Six Pixels of Separation
If you’re the least bit interested in where business and creativity meet, Mitch Joel’s interviews are a goldmine.

Also recommended:
Stuff You Should Know
Recommended if You Like
Next Market (a podcast about podcasting)

Written by Gabrielle

December 24, 2013 at 7:11 am

Week in the News for November 18

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Here are this week’s interesting publishing and media stories. Add your favorites to the comments section.

E-books, E-readers, and Apps

  • In Russia, 95% of e-books are pirated. A company has developed an app to stop the trend. All Tech Considered
  • Self publishing is big in Germany and has helped Amazon dominate the e-book market. Publishing Perspectives
  • E-books are increasingly popular holiday gifts. Forbes

Tech

  • The Internet is a valuable distraction for this writer. New York Times
  • How technology changes language. Prospero
  • 18 games for typography fans. Mashable

Social Media

  • 10 surprising social media facts. FastCompany
  • 5 tools for identifying online influencers. PR Daily
  • Derek Thompson reviews the video sharing site Upworthy. The Atlantic
  • The semantics of online advertising. The Guardian

Media and Publishing

  • Publishing experts debate the future of the book. Publishers Weekly
  • A roundup of independent print magazines and interviews with the editors. New York
  • Brief interviews with very small publishers. The Morning News
  • Five female writers discuss sexism in the literary world. Brooklyn Based
  • Reality TV shows for writers are cropping up around the globe. The Guardian

Lifehack and Business

  • How to build a strong team at work. Fast Company
  • How to build a balanced creative team. 99u
  • 10 brands that changed the world. AdWeek
  • Coca-Cola is aiming to kill the press release. PR Daily

Writing and Grammar

Podcasts

  • Author, publisher, and Powell’s bookseller Kevin Sampsell talks to Brad Listi. Other People
  • Media strategist Ryan Holiday talks to Mitch Joel. Twist Image

For fun

Written by Gabrielle

November 22, 2013 at 10:25 am

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New in Paperback for November

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Here’s what’s looking good this month in paperback.

Shantytown by Cesar Aira
Maxi, a middle-class, directionless ox of a young man who helps the trash pickers of Buenos Aires’s shantytown, attracts the attention of a corrupt, trigger-happy policeman who will use anyone — including two innocent teenage girls — to break a drug ring that he believes is operating within the slum. A strange new drug, a brightly lit carousel of a slum, the kindness of strangers, gunplay… no matter how serious the subject matter, and despite Aira’s “fascination with urban violence and the sinister underside of Latin American politics” (The Millions), Shantytown, like all of Aira’s mesmerizing work, is filled with wonder and mad invention.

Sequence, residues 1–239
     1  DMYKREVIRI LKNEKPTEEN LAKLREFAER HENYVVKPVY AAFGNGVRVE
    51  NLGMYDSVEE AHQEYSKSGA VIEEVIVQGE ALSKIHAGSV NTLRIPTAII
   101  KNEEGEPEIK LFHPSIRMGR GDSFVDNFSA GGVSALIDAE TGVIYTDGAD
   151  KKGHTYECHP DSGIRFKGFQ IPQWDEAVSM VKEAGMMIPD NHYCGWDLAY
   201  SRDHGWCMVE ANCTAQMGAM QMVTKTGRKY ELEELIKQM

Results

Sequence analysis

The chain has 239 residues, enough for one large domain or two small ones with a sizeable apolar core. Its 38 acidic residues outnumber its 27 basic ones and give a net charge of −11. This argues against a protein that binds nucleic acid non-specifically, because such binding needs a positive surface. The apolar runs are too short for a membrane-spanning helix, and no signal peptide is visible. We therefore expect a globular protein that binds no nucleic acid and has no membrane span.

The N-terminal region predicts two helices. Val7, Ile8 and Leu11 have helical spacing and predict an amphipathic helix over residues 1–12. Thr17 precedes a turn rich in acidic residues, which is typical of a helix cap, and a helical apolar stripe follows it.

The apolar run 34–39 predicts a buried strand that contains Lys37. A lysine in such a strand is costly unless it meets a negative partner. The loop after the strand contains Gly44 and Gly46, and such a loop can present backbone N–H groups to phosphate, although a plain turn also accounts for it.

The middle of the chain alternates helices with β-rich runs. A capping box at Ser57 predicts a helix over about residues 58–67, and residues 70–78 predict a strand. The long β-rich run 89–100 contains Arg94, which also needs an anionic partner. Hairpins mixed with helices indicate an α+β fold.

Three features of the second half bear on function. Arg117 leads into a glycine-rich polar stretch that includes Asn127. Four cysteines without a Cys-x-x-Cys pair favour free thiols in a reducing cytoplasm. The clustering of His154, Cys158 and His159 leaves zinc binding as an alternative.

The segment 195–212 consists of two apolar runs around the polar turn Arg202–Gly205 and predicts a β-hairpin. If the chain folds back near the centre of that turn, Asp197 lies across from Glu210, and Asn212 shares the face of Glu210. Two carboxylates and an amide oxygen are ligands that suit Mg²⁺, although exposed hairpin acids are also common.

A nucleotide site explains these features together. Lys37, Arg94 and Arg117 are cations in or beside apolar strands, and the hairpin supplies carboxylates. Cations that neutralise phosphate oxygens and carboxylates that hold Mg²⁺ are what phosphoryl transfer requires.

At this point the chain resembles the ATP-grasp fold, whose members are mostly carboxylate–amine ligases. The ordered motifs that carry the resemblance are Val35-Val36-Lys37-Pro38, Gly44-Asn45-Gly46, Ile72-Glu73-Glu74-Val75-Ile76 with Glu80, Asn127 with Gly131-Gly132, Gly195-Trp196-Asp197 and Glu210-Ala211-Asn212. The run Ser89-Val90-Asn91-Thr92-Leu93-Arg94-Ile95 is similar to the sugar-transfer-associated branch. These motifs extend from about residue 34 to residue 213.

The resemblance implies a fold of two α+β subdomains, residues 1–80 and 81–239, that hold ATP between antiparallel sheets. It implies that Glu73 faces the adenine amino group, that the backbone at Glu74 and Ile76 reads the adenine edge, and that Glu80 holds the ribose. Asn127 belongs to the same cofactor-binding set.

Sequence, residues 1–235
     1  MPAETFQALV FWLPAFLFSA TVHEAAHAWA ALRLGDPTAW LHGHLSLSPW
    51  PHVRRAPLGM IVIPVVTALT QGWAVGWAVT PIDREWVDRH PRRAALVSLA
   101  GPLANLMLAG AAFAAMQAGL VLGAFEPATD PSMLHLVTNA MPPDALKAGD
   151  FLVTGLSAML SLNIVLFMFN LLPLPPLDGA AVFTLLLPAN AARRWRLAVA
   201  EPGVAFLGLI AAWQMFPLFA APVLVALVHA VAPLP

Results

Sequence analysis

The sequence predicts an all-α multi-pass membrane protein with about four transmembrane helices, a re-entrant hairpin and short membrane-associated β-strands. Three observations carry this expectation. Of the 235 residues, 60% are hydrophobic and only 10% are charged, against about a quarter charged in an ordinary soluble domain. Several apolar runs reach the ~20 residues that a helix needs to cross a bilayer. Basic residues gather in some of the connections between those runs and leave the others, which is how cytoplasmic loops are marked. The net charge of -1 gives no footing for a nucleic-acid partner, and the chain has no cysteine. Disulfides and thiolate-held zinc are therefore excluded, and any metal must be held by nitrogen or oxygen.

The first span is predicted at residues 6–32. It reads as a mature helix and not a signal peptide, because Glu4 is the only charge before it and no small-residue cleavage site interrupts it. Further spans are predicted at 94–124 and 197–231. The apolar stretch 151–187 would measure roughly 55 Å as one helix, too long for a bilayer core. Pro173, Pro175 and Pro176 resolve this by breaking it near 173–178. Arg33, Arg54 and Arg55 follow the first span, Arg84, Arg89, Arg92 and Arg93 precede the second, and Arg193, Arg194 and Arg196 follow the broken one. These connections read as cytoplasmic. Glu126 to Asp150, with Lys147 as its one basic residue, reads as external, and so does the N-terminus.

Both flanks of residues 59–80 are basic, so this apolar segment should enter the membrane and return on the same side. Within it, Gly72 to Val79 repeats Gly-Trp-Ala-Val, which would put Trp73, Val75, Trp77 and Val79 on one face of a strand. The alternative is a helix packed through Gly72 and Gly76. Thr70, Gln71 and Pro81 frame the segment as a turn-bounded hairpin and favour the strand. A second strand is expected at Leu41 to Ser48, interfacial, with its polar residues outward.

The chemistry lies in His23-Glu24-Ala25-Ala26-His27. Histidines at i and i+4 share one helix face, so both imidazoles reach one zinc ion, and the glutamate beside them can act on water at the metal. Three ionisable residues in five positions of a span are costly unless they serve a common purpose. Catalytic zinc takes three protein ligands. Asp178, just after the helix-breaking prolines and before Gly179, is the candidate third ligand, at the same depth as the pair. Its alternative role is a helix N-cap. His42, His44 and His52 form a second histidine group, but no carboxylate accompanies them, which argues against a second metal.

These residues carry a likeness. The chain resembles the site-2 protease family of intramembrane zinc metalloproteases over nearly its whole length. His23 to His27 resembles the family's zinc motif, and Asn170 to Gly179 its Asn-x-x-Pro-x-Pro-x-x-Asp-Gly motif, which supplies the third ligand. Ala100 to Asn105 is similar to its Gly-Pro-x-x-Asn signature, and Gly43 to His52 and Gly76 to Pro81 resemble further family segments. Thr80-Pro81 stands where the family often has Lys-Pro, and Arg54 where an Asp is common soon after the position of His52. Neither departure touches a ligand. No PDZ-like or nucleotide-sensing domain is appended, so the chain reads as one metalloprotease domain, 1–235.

Dark Times in the City by Gene Kerrigan
Danny Callaghan is fresh from prison, enjoying a drink in a quiet Dublin pub when two young thugs walk in. The guns come out and Danny intervenes, simultaneously saving the intended victim and insulting the kingpin of one of Dublin’s deadliest underworld outfits. Once the police decide to investigate, Danny has another grim decision to make: lying or acting as an honest witness. Either way he’s caught between corrupt officers of the law and a ruthless new gang culture.

Dark Times in the City plays out its absorbing human drama in a society stumbling from giddy prosperity to a frightening economic collapse. Against the background of this brilliantly observed Ireland, Kerrigan tells his tough, graceful story of the cost of one man’s decency.

An Extraordinary Theory of Objects by Stephanie LaCava
A haunting and moving collection of original narratives that reveals an expatriate’s coming-of-age in Paris and the magic she finds in ordinary objects

When Stephanie LaCava’s father transports her and her family to the quaint Parisian suburb of Le Vesinet, everything changes for the young American. Stephanie sets out to explore her new surroundings and make friends at her unconventional international school, but her curiosity soon gives way to feelings of anxiety and a deep depression.

In her darkest moments, Stephanie learns to filter the world through her peculiar lens, discovering the uncommon, uncelebrated beauty in what she finds. Encouraged by her father through trips to museums and scavenger hunts at antiques shows, she traces an interconnected web of narratives about outsider figures and of objects historical and natural that ultimately helps her survive.A series of illustrated essays that unfolds in cinematic fashion, An Extraordinary Theory of Objects offers a universal lesson–to harness the power of creativity to cope with loneliness, sadness, and disappointment and find wonder in the uncertainty of the future.

Happy Mutant Baby Pills by Jerry Stahl
Lloyd has a particular set of skills. He writes the small print for prescription drugs, marital aids, and incontinence products. The clients present him with a list of possible side effects. His job is “to recite and minimize”–sometimes by just saying them really fast and other times by finding the language that can render them acceptable. The results are ingenious. The methods diabolical.